Learn Tampa Bay, a local nonprofit, which provides educational services to the Hispanic community, hopes to remain open through the school year.
“I’d like to. I prefer to. I’d rather. I’d like to. I prefer to. I’d rather.”
Cathy Stein and her student, Maria Castillo, repeat the phrases in unison. Stein, a teacher at Learn Tampa Bay in Plant City, is trying to help the mother of two understand some of the nuances of the English language.
Castillo has been taking adult education courses at Learn Tampa Bay, located at 504 E. Baker St., for nearly two years. The nonprofit organization provides early childhood development courses and tutoring programs for children, as well as adult literacy and parenting classes to the Hispanic community in Plant City and its surrounding areas.
“This program helps me (learn) reading and writing and comprehension,” Castillo said. “I come here because I want to learn how to speak and communicate to help my daughter with her homework.”
It’s a family affair. While her daughter, Evelyn, is at school, Castillo and her 4-year-old son, Sebastian, take classes at Learn Tampa Bay.
When Sebastian started, his reading and vocabulary skills were more than a year below where they should have been.
Now, as he prepares to start kindergarten, he’ll be almost two years ahead.
But Learn Tampa Bay’s mission — started by founder Angelica Ibarra – needs support. Ibarra said the nonprofit is in dire need of funding. Learn Tampa Bay needs $45,000 to remain open through the school year. With current funds, the nonprofit may only be able to stay open until April.
With education as Ibarra’s top priority, she hopes the Plant City community will continue to support her growing mission.
Ibarra, 46, came to the United States with her family from Sinaloa, a coastal state on the Gulf of California in
Mexico, in 1977.
She was part of a family of farmers, but Sinaloa had no work for them.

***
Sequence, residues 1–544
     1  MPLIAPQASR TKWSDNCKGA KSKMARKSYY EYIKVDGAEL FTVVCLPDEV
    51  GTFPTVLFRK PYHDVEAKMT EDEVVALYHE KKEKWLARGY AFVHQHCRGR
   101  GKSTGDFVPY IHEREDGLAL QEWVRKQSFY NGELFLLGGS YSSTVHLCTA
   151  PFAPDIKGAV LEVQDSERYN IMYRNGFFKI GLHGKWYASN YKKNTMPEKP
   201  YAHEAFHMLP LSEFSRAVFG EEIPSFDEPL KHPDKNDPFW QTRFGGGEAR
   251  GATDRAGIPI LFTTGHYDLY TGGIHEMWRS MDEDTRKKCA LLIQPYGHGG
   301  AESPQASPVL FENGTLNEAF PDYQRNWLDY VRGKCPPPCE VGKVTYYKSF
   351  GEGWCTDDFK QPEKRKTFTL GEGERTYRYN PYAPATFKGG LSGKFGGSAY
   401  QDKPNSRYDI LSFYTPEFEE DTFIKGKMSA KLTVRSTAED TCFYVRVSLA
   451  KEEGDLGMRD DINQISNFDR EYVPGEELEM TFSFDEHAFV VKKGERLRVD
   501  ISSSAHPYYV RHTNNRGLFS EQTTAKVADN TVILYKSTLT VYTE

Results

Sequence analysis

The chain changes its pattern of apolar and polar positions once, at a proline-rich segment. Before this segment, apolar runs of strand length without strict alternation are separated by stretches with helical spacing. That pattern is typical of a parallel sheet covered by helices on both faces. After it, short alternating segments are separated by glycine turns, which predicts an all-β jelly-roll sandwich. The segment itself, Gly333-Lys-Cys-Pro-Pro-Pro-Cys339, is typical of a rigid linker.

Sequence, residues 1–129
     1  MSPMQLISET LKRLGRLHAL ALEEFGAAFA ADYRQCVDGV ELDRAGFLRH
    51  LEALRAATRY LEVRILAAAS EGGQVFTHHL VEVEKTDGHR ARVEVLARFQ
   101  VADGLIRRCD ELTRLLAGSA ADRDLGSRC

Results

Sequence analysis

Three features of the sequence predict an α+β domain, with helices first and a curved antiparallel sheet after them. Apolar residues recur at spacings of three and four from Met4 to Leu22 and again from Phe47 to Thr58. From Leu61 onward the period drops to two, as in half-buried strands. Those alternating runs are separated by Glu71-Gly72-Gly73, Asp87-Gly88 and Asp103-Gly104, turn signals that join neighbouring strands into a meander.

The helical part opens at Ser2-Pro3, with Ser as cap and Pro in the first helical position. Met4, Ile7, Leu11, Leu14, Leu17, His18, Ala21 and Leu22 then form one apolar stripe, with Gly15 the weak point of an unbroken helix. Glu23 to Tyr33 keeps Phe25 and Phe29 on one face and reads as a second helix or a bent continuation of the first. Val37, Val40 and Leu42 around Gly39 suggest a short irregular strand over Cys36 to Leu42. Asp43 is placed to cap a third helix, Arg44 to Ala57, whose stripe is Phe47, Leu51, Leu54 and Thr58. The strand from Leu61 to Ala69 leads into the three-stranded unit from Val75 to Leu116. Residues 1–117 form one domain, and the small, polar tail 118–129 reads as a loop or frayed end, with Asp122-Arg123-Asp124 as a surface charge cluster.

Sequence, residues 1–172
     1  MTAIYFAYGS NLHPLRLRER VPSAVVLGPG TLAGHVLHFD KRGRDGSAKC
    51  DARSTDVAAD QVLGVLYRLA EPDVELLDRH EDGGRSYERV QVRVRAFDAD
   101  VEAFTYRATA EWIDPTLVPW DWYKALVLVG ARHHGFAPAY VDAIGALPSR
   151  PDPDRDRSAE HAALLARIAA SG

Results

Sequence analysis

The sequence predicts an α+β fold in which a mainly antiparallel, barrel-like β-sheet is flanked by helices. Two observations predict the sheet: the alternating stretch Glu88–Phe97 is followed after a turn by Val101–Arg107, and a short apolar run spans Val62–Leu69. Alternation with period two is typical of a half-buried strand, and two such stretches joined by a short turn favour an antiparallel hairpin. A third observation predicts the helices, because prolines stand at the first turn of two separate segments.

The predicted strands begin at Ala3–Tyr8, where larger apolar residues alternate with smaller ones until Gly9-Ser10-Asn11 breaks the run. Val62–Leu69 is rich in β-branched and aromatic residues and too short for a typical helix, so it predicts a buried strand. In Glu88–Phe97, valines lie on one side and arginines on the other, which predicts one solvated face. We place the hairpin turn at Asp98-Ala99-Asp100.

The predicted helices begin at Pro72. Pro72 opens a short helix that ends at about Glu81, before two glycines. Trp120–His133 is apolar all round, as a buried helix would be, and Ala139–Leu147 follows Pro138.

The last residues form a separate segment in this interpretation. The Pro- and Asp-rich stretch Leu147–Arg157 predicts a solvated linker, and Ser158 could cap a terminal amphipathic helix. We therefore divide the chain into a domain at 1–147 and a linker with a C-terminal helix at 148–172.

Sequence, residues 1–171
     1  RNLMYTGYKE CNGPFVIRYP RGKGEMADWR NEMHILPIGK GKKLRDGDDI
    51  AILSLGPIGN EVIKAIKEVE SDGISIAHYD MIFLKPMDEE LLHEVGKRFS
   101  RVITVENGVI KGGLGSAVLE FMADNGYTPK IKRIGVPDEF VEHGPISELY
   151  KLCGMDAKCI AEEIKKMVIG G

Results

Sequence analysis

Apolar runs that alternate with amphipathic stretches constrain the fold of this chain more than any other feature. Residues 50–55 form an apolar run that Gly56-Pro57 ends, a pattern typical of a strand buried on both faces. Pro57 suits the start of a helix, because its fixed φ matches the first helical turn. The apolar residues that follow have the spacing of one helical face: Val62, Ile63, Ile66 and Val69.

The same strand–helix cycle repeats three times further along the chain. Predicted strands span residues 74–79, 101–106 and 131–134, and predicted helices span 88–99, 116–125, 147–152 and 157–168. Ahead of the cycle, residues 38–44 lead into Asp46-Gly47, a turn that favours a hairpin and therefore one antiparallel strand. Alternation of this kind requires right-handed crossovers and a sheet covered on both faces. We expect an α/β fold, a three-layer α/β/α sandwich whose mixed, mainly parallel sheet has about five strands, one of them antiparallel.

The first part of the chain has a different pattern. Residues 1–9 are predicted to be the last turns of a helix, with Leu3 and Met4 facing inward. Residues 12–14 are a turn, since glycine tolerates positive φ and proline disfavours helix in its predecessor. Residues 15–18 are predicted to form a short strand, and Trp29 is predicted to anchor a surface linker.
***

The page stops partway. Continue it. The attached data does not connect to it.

“We didn’t have anything,” Ibarra said. “It was a struggle just to feed the family.”
They sought a better life in Edinburg, a south Texas border town in the lower Rio Grande Valley. There, Ibarra’s mother, father and two older brothers farmed onions and watermelon. Ibarra stayed home to watch her four younger siblings.
Life was better there, but not by much.
The family eventually relocated to the Winter Strawberry Capital of the World. They’d work until strawberry season was over, and Ibarra joined her family in the fields.
In April, the family would head to Georgia and the Carolinas to pick onions for a month or two, and then to Ohio to pick cucumbers. Ibarra repeated the annual cycle until her mid-20s.
“When we come here as immigrants, we come thinking we’re going to work,” Ibarra said. “We have to work to survive. Education is not the priority for us.”
Once Ibarra became a mother herself, she saw she needed to do more, for both herself and her children. She got her GED, attended Hillsborough Community College and went on to receive her bachelor’s degree in international studies. Educating others quickly became her passion.
Since 2003, she has been committed to providing educational services to the Hispanic community, first in Tampa, then relocating back to Plant City in 2011.
In 2014, Learn Tampa Bay was born. Since then, Ibarra has dedicated herself to helping families through many of the same struggles she faced, all while making education a priority.